Please Forget These 7 Things Your Grandparents Taught You



A year ago we ran a post describing the grandparent wisdom you should never forget on the farm. This list of five things was very popular, even inspiring several additions to the list through reader emails, twitter and Facebook. All things are not golden though — it’s time to release the list of the things your grandparents told you about farm management that you really need to forget. Your grandparents had some great wisdom but some of their business principles may lead you down the wrong path in the 2010s.

1. Partnerships are bad. Independence is good – There was a time when independence was looked at as the key to success on the farm. Sharing equipment with a neighbour was impossible, joint ventures didn’t exist and the mantra of “we must go about it alone” was the only way. I think most of this stems from the concept we must be in control and not be under anyone else’s decision making thumb.  The one exception may have been barn building bees and helping each other out at harvest.

2. Work hard and things will work out – Your way out of everything is just plain old hard back labor. You don’t necessarily work smarter but you need to work harder. Think less and spend more time sweating. More sweat equals more money. Not so true anymore in the intellectual economy of today.

3. Paying tax is bad – There is a great chance that your Grandpa did everything in his power to not pay taxes. In fact Grandpa likely made some business decisions that were very short-sighted just to avoid paying taxes. Today the mind frame has changed to I want to pay minimal tax, but if I am paying tax it means I am making money.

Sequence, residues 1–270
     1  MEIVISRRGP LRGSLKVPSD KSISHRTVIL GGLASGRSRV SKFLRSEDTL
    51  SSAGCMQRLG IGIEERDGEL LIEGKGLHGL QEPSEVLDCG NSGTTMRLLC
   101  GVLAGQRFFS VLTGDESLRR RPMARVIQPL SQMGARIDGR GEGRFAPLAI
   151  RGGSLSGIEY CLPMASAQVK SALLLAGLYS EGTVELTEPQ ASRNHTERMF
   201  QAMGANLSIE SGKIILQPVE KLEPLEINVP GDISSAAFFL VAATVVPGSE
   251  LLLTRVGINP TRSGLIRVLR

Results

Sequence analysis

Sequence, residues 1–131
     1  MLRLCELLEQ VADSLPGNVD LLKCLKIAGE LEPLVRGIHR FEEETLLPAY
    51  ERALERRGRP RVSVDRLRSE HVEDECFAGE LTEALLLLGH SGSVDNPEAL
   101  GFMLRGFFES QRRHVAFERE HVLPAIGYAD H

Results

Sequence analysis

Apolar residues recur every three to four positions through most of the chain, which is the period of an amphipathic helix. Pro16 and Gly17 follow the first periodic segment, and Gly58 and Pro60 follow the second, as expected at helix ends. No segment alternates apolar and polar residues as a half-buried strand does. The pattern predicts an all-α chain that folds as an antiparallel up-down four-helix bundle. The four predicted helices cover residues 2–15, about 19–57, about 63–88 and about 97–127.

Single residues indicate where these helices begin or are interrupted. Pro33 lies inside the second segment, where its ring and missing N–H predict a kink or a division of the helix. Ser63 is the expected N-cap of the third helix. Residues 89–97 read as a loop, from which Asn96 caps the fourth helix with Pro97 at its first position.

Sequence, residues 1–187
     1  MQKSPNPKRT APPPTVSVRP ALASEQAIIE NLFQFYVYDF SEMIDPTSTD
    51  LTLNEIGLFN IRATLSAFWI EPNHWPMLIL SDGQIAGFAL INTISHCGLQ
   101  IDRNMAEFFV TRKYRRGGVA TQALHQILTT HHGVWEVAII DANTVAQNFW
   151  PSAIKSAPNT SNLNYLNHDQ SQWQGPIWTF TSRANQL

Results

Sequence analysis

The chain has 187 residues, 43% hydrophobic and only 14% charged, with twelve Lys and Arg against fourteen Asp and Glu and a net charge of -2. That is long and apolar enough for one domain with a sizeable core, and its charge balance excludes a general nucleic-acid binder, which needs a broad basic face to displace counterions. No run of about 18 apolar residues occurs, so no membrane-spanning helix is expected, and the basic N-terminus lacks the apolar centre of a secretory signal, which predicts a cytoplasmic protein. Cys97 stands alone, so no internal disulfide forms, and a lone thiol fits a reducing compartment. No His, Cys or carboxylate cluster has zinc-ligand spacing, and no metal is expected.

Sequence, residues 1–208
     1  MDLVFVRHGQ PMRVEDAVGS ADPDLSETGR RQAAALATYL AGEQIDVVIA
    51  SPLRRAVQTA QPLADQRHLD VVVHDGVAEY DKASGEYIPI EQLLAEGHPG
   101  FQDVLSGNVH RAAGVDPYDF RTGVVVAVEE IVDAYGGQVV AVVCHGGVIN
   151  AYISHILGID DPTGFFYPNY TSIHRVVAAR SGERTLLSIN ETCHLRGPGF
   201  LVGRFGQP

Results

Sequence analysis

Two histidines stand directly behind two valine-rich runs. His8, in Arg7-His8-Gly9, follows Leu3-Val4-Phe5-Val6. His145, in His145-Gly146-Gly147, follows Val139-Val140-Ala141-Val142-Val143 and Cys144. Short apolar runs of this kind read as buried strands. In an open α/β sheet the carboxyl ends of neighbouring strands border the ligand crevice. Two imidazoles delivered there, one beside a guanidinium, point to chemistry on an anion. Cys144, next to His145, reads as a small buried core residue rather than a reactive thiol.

4. You’ll be too busy for safety – Safety on Grandpa’s farm was more about just getting the job done.  To be fair the industry’s knowledge of product and equipment safety was quite low. Everyone has a story about grandpa mixing the sprayer tank with his arm, or how he was covered in seed treatment or how the old one tonne truck had no lights. It was just a different time.

Shaun and Kelvin discuss this list of seven things:

5. Holidays are for city folk. Work is first. Family comes second – There are farms all across North America that have never taken a holiday in the summer. There is no doubt that agriculture is intense in the summer but to not be able to find a week in that time period seems a little far fetched. Did you grow up in a house that didn’t take summer vacation as if it was some badge of hard-working honour?

6. If we are buying that tractor, we are paying for it with cash – There was a time that any debt was bad and you didn’t purchase anything unless you had enough cash under the mattress. If you followed these guidelines today I’m not sure you could even operate your farm. There is not enough working capital generated to make it work. Considering today’s low lending rates, there are likely opportunities that will be missed if following Grandpa’s cash-only rule.

7. Succession works on the farm the same way it works with royalty – Someone’s got to die to move forward. (Just as soon as the crop is seeded, sprayed, irrigated, harvested, we’ll get right on that.) The senior generation has a right to project its vision till death. “Everything and everyone is put on hold till I’m damn good and ready to give up the reins, and I’m not damn good and ready yet. But that’s OK, because I built this thing and you are really only a squatter. Even though you’ve spent your working life here, I built this.”

Grandma and grandpa deserve full credit for their legacies, for the many principles they instilled in our families. This list is not meant to be disrespectful to older generations in any way, but we have to understand the environment in which farms operate today is not the same as it was in the 60s or 70s.

Feel free to add to this list in the comment section below.

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